Seattle mag editorial assistant Patrick Hutchison and local musician Matt Badger, of Ravenna Woods, team up to explore Seattle's street music scene, recording the stories and songs that help compose our city’s soundtrack. The third in a five-part series:
The din emanating from Pike Place Market's cobblestone corridor is a less than ideal space for weeping violin solos, but that doesn't stop Annie Burt from enticing market goers through a maze of stalls to her open instrument case; adorned with nothing more than a cardboard sign that reads “COLLEGE”. Burt has busked Seattle's iconic market for the last 6 years—starting at the age of 16—and is now performing her way through nursing school at UW. With a background in classical performance, she's had to learn a few tricks about playing on the street.
SM: What kind of music do you play?
AO: My background is mostly in formal training and classical pieces. When I was first studying music at UW, I would come down and practice Bach, Beethoven or Mozart, but no one seemed to care. A few years ago I picked up an old Texas American Fiddle songbook and started adapting pieces from that. It's gotten a much better response. You have to play something that will catch a person's ear, and that seems to do it.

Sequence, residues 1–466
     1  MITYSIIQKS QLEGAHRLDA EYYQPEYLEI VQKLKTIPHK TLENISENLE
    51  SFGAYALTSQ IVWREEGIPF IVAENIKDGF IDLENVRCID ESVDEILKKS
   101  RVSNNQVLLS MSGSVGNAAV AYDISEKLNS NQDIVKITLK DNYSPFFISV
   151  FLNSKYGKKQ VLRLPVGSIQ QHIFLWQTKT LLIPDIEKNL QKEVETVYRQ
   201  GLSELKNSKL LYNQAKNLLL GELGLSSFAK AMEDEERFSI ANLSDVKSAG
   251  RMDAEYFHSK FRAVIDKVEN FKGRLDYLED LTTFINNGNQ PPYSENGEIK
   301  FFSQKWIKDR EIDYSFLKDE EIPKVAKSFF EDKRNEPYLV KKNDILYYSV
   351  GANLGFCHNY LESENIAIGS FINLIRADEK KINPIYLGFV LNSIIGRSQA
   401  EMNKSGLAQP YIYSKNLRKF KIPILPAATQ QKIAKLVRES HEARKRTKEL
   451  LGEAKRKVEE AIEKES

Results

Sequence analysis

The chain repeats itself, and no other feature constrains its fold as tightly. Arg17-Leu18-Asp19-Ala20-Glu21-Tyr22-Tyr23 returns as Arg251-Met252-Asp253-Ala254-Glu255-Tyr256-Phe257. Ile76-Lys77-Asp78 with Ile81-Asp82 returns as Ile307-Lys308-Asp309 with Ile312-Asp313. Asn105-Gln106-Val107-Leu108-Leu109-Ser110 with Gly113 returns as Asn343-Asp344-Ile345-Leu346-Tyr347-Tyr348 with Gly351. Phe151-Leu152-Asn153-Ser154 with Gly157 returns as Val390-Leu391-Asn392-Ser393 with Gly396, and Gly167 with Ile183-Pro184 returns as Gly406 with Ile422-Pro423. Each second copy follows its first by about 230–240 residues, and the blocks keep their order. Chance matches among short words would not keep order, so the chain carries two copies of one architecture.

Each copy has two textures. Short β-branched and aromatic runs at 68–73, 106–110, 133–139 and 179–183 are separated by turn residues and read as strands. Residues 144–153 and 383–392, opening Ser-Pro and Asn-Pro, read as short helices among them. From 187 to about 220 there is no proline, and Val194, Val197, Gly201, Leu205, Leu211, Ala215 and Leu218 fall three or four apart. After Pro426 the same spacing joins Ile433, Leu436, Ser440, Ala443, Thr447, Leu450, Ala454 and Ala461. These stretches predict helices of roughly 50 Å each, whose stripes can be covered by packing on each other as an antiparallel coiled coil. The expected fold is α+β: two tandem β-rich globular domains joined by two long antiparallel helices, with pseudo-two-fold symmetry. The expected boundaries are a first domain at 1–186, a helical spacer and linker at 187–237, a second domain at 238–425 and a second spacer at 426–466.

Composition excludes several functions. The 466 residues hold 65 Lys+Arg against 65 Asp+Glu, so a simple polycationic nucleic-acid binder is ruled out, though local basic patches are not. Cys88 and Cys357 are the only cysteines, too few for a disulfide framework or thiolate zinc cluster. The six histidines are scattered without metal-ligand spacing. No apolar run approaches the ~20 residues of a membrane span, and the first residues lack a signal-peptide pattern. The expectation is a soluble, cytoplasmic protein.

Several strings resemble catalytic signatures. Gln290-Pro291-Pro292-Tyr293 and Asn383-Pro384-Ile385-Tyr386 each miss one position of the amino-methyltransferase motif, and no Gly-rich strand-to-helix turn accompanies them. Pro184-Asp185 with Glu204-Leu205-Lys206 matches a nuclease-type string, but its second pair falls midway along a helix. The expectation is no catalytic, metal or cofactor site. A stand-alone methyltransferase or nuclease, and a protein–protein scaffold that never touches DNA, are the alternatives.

SM: What contributes to your success?
AB: Appearance matters. I definitely make an effort to not wear jeans with holes in them, or grungy shoes. I remember when I cut my hair short I started averaging about $20 less per performance. The same thing happened when I got my lip pierced.
SM: Why busking instead of a more traditional job?
AB: There's no better job in the world. I get to set my own hours and schedule. When I get to the market I usually read my book for an hour or so while I wait for an open spot. Vendor friends give me fresh fruit and the money is good. In two hours I can make the same amount that someone with a regular job might make in five. Ultimately, I love to perform but it fulfills more pressing needs at the same time.
SM: What's the Pike Place busking scene like?
AB: It used to be an incredibly busy area. Often it was hard just to find an open space to play. But, about two years ago we had an oppressive heat wave and that week, everything seemed to change. Suddenly there weren't nearly as many people performing. Now it's picking back up, I think in part because of the economy. People are looking for any outlet to make money.
NAME: Annie Burt
STAGE: Pike Place Market
Listen to this live performance of “Fifty Years Ago Waltz” and “Chancellor’s Waltz”, two examples of Texas fiddle contest waltzes. Recording taken at Pike Place Market on August 18, 2011.